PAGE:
After poring hours of effort into dislodging an ancestor from a brick wall—hint: it still isn't working—it can be tempting to grasp at clues showing up at one's Ancestry doorstep.
I'm still stuck on the origin of the Stevens brothers' deceased mother's family. Ireland is the certain answer—but where in Ireland?
It doesn't help that the surname we are seeking is Kelly. And no, it isn't that particularly trying fact that Kelly can be—and often has been—spelled in two formats: Kelly and Kelley. The problem lies with the lack of records either preserved and passed down, or maybe never kept in the first place. After all, we are looking for a family who arrived in what was then the outer fringes of America in the early 1850s.
It's not like they followed the tried and true immigration pathway, either. At least, if they took the same route as John Stevens had, in arriving in western Indiana via the Mississippi River tributaries from New Orleans, passenger records from the east coast ports would be of no service to us.
What I do have, fortunately, is a fairly large Kelly family living in Lafayette, complete with the telltale sign of the three Stevens boys living in that same Kelly household after their mother, Catherine, died in 1858. So why can't I find any sign of James and Mary and their six children—Matthew, Rose, Catherine, Bridget, Thomas, and Ann—arriving on the New World's shores?
For one thing, it is possible that, like many immigrants, the Kelly family engaged in "serial" immigration. In other words, one sibling was the first to come over, secure employment, and send money back to the homeland to bring the others to America, likely one by one. With that in mind, it was tempting, after not having found the Kelly family constellation in the 1850 census, to try and stuff one promising early arrival, Rose Kelley of about the right age in the 1850 census, servant to an attorney in town, into that slot for our Catherine's sister.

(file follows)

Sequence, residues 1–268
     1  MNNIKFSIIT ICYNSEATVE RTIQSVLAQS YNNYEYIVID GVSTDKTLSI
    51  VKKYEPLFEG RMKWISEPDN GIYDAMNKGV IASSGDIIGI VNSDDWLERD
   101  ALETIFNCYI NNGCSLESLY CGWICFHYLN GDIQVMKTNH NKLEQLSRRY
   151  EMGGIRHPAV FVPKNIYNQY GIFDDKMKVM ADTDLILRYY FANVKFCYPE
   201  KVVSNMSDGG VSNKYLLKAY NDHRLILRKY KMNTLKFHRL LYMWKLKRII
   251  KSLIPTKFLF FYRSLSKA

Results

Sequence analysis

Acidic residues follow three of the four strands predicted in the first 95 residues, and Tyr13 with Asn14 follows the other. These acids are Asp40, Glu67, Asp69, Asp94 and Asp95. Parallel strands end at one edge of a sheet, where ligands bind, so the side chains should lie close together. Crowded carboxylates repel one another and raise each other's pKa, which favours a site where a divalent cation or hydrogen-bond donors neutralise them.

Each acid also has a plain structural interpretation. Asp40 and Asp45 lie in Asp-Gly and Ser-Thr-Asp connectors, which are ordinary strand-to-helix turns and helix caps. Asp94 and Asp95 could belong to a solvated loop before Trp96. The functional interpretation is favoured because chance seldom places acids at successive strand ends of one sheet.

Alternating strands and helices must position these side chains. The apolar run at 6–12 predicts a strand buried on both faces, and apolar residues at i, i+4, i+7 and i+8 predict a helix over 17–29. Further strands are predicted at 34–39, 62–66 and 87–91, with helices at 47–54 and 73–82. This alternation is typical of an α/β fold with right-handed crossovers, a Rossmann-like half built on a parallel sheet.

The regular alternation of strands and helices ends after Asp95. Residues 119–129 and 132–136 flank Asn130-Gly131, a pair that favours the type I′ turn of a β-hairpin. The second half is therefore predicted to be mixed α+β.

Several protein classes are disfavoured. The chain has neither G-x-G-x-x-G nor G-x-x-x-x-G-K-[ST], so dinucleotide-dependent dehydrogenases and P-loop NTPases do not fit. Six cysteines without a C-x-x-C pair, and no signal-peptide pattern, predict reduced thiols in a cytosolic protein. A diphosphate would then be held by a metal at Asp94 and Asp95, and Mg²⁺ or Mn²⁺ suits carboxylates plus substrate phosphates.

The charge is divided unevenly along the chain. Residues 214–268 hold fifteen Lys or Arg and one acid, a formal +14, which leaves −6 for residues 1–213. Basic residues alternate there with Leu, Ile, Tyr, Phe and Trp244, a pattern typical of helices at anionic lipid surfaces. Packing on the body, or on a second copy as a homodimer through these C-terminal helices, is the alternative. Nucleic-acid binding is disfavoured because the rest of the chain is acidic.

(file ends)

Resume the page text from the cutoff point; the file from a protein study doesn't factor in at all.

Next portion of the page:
But I resisted the temptation.
Likewise, knowing how the Irish of that time period tended to follow a traditional naming pattern for their children, I couldn't help notice in following Catherine's brother Thomas, that he named his oldest son James—a nice confirmation tying Thomas and Catherine together with their father James, who died shortly after reaching Indiana.
Right after noticing that detail, up popped a hint at Ancestry for my consideration: a baptismal record for a Thomas of just the right age, with parents James and Mary, from a parish in County Westmeath. Added bonus: the maiden name for mother Mary. Not to mention, the proximity of the county to Dublin aligns nicely with oral family tradition that Catherine came to America from Dublin. Should I take this hint?
Again, I'm resisting the temptation. While it is a valuable way-sign, what I'll need to do first is see whether those baptismal records also provide entries for all the other children in our Kelly family—attached to a Mary with that same maiden name. The encouraging news, though, is if this does turn out to be a keeper, County Westmeath happens to be one of the few Irish counties whose 1841 census records are still partially extant.
Although matching details can be alluring, we can't just spring for the two or three data points which line up just right. After all, we're talking about a surname like Kelly in Ireland. The chances that a Thomas was son of a James and Mary likely was a scenario repeated over and over again in that location. We need to fit a much larger set of data points into such a comparison—for instance, the names of members of the entire family, intact, into that same test case. That will take much more work before we can safely accept such a hint. It's not just Thomas we're looking for; it's the entire Kelly family.
Regarding that Kelly family which arrived in Lafayette, Indiana, we have one other way to check out the family connections: DNA testing. It's fortunate that we do have the listing of Catherine's many siblings, and that I've been able to trace many of their descendants. It is the youngest of the Kelly family line which provided me with genetic confirmation of our connection—but that is a story to save for next week.
"6th [September 1837] Bapt[ized] Tho[ma]s s[on] of James Kelly and Mary Coffey sp[onso]r Honora Shanaugham" from Catholic Parish Registers 1655-1915, Castletown-Geoghegan, County Westmeath; courtesy Ancestry.com.